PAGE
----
The UK is home to the second-biggest cell and gene therapy (CGT) cluster in the world after the USA, with over 60 specialist companies operating in this sector. More than 15 of these are based in the CGT cluster at the Stevenage Bioscience Catalyst which also plays host to the rapidly expanding Cell & Gene Therapy Catapult manufacturing centre. £5.2m has also been invested into projects at the CGT Catapult in the last year, with £400m raised by companies in the Stevenage CGT cluster.
The industry is continuing to grow at a pace: production capacity in the manufacturing sector has grown by 60%, with employment in this area also increasing by 30% in 2018. By 2035, it is predicted that the CGT industry could be worth £10bn and provide 18,000 jobs. So how can this growth be sustained?
Speaking at our inaugural Bio Integrates conference in May, Matthew Durdy, Chief Business Officer at the CGT Catapult highlighted the importance of collaboration between biotechs, investors, policy makers, public and private bodies and patients, saying it must be “in their DNA”. The UK BioIndustry Association and Alliance for Regenerative Medicine co-authored report agrees. The report details the UK’s Advanced Therapy Medicinal Product Landscape and calls for the following to maintain the UK’s leading position in this sector:
- Key stakeholders to support scientific research;
- Development of a skilled workforce;
- A positive regulatory environment, including fostering accelerated pathways to patients;
- UK-wide collaboration between NICE and its devolved counterparts to ensure health technology assessments are able to address the long-term value provided by cell and gene therapies; and
- Industry, NHS and other public/private bodies to collaborate to develop innovative financing models.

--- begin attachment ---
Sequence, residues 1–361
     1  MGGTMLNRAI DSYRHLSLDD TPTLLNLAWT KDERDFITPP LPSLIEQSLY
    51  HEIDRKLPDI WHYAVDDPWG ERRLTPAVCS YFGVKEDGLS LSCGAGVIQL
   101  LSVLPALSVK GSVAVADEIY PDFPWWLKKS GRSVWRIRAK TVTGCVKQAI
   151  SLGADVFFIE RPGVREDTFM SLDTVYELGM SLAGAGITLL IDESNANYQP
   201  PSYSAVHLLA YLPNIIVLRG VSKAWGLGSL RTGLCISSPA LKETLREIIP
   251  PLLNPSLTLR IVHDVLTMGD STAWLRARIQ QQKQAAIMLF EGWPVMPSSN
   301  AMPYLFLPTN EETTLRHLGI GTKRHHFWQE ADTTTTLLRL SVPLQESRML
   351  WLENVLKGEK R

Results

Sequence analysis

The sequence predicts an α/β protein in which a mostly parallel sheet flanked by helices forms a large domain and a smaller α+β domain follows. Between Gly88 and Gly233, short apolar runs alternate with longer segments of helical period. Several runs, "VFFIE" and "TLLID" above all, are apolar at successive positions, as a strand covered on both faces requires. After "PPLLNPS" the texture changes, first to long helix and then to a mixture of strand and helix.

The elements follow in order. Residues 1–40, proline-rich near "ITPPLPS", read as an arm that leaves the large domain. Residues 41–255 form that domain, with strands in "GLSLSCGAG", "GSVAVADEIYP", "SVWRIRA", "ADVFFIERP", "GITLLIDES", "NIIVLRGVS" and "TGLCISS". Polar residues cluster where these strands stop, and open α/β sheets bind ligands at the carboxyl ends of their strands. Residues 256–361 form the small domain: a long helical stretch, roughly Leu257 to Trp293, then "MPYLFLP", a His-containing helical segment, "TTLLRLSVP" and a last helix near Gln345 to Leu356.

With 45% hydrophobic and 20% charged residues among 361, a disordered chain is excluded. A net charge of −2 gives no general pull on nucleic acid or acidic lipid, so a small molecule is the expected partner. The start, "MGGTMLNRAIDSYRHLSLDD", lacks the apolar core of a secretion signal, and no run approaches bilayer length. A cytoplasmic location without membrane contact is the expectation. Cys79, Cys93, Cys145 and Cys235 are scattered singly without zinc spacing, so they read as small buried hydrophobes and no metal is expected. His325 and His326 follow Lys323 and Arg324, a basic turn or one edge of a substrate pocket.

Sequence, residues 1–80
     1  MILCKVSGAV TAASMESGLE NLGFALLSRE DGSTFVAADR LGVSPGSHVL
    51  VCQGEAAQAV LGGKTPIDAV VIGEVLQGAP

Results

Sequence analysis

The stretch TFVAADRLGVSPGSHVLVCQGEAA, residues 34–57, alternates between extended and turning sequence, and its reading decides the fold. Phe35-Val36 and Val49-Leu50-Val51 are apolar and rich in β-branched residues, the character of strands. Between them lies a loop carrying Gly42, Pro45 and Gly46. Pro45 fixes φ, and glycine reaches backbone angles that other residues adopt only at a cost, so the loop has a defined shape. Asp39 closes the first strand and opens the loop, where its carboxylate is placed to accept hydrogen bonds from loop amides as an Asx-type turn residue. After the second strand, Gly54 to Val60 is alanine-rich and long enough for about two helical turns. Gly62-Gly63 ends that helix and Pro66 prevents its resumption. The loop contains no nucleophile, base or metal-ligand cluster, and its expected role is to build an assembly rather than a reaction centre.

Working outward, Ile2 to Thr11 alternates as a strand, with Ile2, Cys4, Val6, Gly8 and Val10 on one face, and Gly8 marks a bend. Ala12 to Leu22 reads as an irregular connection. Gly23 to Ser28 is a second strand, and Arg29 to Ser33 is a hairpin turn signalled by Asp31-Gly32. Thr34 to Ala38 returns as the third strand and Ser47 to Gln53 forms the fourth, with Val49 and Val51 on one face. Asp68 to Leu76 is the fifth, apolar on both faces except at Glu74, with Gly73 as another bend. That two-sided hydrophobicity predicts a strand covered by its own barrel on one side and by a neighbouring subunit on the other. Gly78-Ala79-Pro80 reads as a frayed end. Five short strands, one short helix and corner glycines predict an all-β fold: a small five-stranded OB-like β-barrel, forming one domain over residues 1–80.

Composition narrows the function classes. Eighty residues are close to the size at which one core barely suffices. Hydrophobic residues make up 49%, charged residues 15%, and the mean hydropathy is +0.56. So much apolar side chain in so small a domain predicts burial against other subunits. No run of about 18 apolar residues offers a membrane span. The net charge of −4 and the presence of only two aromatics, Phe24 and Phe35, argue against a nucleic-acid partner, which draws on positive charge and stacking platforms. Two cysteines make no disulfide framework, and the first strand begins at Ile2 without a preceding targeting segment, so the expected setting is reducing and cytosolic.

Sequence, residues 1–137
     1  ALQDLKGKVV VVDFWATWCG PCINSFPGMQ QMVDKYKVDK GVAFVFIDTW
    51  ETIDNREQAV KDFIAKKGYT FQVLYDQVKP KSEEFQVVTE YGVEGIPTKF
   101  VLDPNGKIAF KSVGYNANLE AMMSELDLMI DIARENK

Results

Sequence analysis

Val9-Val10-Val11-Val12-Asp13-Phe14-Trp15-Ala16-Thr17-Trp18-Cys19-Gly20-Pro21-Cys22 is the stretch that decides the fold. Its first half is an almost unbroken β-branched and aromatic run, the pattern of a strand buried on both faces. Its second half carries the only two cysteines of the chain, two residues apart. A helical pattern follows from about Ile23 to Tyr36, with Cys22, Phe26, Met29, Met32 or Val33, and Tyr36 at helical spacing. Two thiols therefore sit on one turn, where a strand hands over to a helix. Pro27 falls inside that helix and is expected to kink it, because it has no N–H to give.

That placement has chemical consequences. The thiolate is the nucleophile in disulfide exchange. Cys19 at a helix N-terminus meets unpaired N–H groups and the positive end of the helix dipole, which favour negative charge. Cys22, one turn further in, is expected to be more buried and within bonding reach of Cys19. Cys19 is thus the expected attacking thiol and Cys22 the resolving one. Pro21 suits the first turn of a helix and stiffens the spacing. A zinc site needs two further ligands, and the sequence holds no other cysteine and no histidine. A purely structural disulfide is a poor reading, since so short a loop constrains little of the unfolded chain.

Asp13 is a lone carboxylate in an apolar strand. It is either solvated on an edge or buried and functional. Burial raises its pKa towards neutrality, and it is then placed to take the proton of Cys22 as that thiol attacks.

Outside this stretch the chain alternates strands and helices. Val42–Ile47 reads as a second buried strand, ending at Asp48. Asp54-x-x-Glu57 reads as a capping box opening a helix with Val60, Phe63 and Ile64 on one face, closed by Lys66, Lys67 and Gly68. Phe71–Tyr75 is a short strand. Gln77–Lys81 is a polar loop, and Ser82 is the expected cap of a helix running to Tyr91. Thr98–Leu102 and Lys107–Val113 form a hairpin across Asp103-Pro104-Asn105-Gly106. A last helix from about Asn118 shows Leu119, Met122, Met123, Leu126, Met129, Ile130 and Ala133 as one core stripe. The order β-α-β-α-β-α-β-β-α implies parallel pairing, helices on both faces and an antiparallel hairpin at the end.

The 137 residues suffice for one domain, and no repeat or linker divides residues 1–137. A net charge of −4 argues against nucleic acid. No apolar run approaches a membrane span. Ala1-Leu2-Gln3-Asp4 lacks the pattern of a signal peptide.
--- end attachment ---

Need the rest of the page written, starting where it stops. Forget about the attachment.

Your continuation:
The increase in the number of clinical trials is another key step in accelerating cell and gene therapies to market: clinical trials and preclinical studies have grown by 37% and 20% year-on-year, respectively, mainly in oncology. And whilst there are currently hundreds of patients receiving this type of treatment, the goal is to treat 10,000 patients per year by 2028 as an integrated part of the healthcare system.
Recently, cell and gene therapy breakthroughs are showing promise for patients with rare and hard to treat diseases: a study involving a form of gene editing that hunts the HIV virus down and removes it from the DNA in cells could move to human trials within a year; a bowel and blood cancer study showed blocking a specific protein that fuels tumours kills them off; earlier this year, a British woman became the first person in the world to have gene therapy to try to halt her age-related macular degeneration and in July, the FDA gave priority review to an approval application from Novartis for a drug to treat sickle cell disease.
With the establishment of three advanced therapy centres in the UK this year and 85 clinical trials like the ones above ongoing, the next 5-10 years looks to see an improvement in the number and accuracy of therapeutic treatments currently available as the pace of innovation continues. What will be the rate-limiting step? Our panel of experts at Bio Integrates were unanimous in their response: “supply chains”.
At our Pharma Integrates conference in November we will be addressing the supply chain need for advanced medicines. We will also be discussing how we can develop the skill sets, recruit and retain the key talent to enable this area to achieve its full potential and ensure advanced therapies reach patients rapidly. See you there!
Want to hear more? Audio from all the roundtable discussions, breakout sessions and keynote presentations at Bio Integrates is available here.